How many trees have you seen since you woke up today? Did you wish any of them a happy National Tree Day? What about a happy National Forest Week? Dig you hug any of those trees??
Don’t worry if these questions take you by surprise, since 2011 is the debut year for Canada’s National Tree Day celebrations, spearheaded by the Tree Canada Foundation, which focus on the “great benefits that trees provide us – clean air, wildlife habitat, reducing energy demand and connecting with nature”. Nature Canada’s celebrations today include our Hug A Tree Photo Contest, which we’re asking all of our supporters to enter for their chance to win!
I started National Tree Day thinking about the innumerable ways that trees (and forests) benefit me and my family each day. For example, we have 16 species* of trees and woody shrubs in our small Ottawa yard, which offer us shade, improve our air quality and attract lots of birds and insects to our backyard. I also have several beautifully handcrafted pieces of wood furniture in my home. Those items represent a market for value-added forest products that can be a big incentive for ecologically and economically sustainable forest management, including things like Forest Stewardship Council (FSC) certification of forests. Plus, markets for non-timber forest products are growing in Canada and elsewhere, which makes me think of how much I love wild blueberries and cranberries! Not to mention Canada’s amazing forest protected areas!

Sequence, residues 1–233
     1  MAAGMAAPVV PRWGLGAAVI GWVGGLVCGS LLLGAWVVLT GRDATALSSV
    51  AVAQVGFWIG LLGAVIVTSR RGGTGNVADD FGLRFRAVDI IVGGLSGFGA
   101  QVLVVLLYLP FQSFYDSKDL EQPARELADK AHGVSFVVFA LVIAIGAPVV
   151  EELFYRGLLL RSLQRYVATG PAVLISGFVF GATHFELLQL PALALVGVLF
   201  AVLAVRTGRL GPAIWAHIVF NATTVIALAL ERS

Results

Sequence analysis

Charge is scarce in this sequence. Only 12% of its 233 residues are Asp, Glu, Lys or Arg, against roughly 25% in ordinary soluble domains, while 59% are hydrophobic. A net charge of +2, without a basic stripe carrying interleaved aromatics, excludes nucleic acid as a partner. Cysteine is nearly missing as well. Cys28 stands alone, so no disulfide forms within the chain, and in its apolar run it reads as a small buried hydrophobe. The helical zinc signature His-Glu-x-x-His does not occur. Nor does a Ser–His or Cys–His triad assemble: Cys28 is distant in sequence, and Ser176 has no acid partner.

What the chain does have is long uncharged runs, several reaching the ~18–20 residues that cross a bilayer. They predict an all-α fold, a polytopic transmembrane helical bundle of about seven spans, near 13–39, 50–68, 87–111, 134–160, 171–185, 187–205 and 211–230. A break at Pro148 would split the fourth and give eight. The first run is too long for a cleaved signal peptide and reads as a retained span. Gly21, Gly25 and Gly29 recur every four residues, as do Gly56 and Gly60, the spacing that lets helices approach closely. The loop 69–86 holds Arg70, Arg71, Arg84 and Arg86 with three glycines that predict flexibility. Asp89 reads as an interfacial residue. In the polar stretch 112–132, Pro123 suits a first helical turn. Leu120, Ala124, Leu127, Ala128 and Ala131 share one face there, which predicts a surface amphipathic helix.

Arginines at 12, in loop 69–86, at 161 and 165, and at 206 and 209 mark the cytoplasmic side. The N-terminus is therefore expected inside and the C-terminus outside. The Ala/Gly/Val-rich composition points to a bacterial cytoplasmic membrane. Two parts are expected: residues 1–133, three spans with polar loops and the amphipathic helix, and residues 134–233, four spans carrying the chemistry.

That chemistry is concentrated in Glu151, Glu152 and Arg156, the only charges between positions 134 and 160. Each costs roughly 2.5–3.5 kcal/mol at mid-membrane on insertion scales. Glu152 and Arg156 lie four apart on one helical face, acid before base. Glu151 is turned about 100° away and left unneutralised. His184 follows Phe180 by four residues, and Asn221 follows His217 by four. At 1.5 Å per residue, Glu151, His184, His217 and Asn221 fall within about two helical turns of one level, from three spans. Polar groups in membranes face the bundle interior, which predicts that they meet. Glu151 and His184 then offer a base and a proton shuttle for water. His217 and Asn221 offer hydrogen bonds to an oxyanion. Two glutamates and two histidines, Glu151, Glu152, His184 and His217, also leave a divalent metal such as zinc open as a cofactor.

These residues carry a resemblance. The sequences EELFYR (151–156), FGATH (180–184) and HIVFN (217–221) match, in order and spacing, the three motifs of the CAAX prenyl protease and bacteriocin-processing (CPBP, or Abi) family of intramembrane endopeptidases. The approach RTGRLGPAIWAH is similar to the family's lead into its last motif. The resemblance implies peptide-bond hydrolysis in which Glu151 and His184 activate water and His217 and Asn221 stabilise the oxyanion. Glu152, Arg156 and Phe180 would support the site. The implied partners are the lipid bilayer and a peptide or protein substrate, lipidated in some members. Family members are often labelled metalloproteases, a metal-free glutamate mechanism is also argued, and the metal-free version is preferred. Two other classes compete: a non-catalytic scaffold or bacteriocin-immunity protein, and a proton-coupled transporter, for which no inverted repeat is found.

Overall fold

I’ve also been thinking about how important trees and forests (such as the Boreal forest) are to many of the migrating birds we’re watching head south right now, as well as other wildlife that rely on forests seasonally and year-round. Just think of all the bird species that use trees for nesting, from Woodpecker species to Great Blue Herons!
And having spent time as a kid in ‘working forests’ with my then-silviculturist father, I can’t overlook the importance of trees and forests to many communities across this vast country. The Canadian Forest Service reports that the forest industry – in all of its forms – is the “largest non-urban employer in the country”.
In closing, there’s really not a better time to kick-off Canada’s National Tree Day celebrations than the 2011 United Nations International Year of Forests. Here are some quick facts about global forests from the UN’s International Year of Forests (IYF) website:
- Forests are home to 80% of Earth’s terrestrial biodiversity
- Forests are central to the livelihoods of over 1.6 billion people worldwide
- Forests cover 31% of the Earth’s total land area
For more on what Nature Canada is doing for the IYF, check out our website and our interactive map of Canada’s forests. And don’t forget to enter our Hug A Tree Photo Contest for your chance to win!
Have a wonderful National Tree Day, and a thoughtful National Forest Week!
All photos by A. MacDonald
* No, not all of these are native species, but I’m working to increase the proportion that are native over time.